Trump’s Campaign tweeting was necessary for getting out his message and combating a mostly hostile media, print and electronic. Now, it’s reprehensible and childish, indicative of a playground mentality and obvious waste of time. Matching tweet for tweet is like answering stupidity with stupidity.
An effective bombast mattered in the campaign, especially since Clinton’s success had been consensually accepted and needed to be neutralized by sheer numbers. Clinton was mean-spirited to trot out the “gold-star-father,” actually a lawyer with connections to the Clintons, to berate Trump for a war she, not Trump, supported while in the Senate, thus trying to con the average citizens by insulting their intelligence. Her mention of the basketful of deplorables (Trump supporters) was sickening, thus she was successfully ridiculed in the massive Trump rallies as insensative and out-of-touch.
Bombast-time is past and hopefully there will be no more rallies. Trump’s braggadocio might have been marginally effective in campaigning. Now, it’s boorish and often demeaning to both him and others. Big crowds create neither jobs nor reasonable presidential decisions. Using costly Air Force One for publicity stunts wore out its welcome with Obama.
There’s a fine line between an inferiority- and superiority-complex. Each can drive a sufferer into paroxysms of attention-demanding behavior. Trump seems afflicted with at least the latter and hasn’t learned that others have far more knowledge and experience than he. He made good choices for his cabinet (surprisingly) but needs to let the secretaries function without carping criticism.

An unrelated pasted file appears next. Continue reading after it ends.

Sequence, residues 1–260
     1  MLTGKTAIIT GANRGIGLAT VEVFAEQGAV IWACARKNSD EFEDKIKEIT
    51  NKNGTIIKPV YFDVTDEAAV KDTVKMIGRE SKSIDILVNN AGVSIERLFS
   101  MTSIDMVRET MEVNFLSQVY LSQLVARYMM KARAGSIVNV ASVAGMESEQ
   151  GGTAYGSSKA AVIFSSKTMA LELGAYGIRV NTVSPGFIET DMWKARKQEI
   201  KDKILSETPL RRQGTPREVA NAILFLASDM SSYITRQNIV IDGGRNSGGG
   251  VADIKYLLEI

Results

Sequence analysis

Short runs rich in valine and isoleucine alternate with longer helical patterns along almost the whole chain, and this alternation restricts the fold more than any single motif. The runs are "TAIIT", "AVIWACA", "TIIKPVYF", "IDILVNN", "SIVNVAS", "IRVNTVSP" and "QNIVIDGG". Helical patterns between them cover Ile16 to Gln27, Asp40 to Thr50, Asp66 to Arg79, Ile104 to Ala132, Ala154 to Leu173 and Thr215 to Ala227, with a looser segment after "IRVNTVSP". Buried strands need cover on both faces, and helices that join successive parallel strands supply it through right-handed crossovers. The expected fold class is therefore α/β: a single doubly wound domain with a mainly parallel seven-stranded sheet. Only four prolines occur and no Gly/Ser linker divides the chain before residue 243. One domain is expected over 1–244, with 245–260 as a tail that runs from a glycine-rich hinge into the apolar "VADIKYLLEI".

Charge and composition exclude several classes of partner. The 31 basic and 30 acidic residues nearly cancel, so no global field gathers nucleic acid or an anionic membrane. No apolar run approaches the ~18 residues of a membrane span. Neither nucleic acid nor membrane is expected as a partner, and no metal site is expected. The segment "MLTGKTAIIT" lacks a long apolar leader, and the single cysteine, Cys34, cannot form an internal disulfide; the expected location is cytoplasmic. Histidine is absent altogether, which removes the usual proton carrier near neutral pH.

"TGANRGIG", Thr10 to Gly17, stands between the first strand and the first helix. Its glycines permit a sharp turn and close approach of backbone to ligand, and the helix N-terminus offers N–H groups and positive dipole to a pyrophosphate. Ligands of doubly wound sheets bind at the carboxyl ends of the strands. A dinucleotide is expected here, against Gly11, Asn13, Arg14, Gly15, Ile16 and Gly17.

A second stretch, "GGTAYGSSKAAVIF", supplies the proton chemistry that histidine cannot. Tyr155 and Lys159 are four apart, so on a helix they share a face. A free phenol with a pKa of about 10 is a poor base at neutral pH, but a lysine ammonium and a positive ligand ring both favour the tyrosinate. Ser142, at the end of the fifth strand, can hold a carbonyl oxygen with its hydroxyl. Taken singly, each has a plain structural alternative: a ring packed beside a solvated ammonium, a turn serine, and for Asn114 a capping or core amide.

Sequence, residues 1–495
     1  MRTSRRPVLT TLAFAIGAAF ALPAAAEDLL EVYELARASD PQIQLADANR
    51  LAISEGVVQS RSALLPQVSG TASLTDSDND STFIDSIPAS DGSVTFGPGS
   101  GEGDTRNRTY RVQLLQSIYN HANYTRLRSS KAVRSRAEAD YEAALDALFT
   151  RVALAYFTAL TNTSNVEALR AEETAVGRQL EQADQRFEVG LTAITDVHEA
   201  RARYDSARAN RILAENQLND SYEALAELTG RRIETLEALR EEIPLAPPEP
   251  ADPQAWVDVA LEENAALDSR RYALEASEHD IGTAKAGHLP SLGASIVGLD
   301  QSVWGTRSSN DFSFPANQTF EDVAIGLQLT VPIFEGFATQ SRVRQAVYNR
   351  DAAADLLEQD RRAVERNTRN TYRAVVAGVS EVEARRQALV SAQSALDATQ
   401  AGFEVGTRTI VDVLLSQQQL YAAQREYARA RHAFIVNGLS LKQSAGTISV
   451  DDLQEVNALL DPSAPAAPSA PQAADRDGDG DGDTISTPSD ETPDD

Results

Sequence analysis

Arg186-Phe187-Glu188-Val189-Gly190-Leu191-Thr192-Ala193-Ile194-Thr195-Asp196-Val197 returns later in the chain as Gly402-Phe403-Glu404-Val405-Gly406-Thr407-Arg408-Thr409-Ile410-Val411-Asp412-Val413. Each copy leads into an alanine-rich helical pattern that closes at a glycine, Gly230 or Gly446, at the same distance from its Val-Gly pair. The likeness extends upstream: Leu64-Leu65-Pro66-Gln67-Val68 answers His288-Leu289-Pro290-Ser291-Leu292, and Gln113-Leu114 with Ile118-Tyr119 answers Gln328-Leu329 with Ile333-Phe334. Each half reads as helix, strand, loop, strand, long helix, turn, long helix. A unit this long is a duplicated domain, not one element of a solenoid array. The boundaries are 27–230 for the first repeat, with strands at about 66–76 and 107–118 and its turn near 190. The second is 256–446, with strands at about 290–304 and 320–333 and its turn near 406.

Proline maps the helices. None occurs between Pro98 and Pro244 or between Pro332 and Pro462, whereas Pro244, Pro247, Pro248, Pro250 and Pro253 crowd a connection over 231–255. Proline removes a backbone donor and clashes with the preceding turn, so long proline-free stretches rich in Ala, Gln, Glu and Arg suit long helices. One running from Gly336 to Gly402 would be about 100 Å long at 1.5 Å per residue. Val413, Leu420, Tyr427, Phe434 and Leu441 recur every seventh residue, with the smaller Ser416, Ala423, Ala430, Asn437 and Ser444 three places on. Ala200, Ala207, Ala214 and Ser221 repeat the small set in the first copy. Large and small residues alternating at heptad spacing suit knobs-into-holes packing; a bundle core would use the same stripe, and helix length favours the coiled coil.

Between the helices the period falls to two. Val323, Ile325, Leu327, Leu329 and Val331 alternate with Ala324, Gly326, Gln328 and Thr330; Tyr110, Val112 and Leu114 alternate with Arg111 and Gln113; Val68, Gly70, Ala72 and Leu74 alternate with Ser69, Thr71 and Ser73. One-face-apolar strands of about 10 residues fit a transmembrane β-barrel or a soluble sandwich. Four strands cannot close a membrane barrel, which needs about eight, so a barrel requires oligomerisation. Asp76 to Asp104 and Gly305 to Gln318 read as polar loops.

His choices of a billionaire CEO for State and military generals for Homeland Security, Defense and the NSC were good in that these people are disciplined and have been inordinately successful; however, they’re as strong-willed as he—and as smart or smarter—so he should not bicker with or about them. They, like Trump, are accustomed to making decisions and giving orders and should not be expected to change. Dragging his family into places of prominence was a tragic mistake. Nepotism is okay in private enterprise but ugly in government.
In short, if Trump had done a 180 from campaign methods to governing, he would be sailing now. Instead, he, like Obama before him, is still in campaign mode. The most effective tool would have been shutting his mouth almost completely and growing another layer of skin. He’s done neither.
Other prominent republicans have helped Trump to suffer. For instance, high-profile Senators McCain, Rubio and Graham seem to have staffers searching congressional halls for the nearest TV “reporter/commentator/network-apparatchik” in order to appear nationwide throughout both day and night.
Each tries to conduct foreign policy, with McCain and Graham having insisted that Obama invade Libya and Syria, efforts both wrong-headed, foolish. McCain even had photo-ops with his choice of insurrectionists in both places (though Syria was doubtful, probably Lebanon) as recipients of U.S. weapons. All three waged unsuccessful presidential or veep campaigns, thus might suffer bouts of jealousy.
Other republican leaders have joined virtually the entire democrat contingent in Congress in going after Trump for the “Flynn affair,” Russian collusion (already investigated to exhaustion with no charges), the Comey-firing and anything else that might elicit simply being fed-up with Trump’s buffoonery but matching it themselves. Vengeance is a politician’s stock-in-trade, and party/individual-loyalty is often not observed when elections are more important than legislating.
Like Obama before him, Trump’s main problems have been self-inflicted, the result of a super-inflated ego with tongue in gear before brain engaged. The one redeeming feature: Hillary Clinton is not president, and the Russians had nothing to do with that.
And so it goes.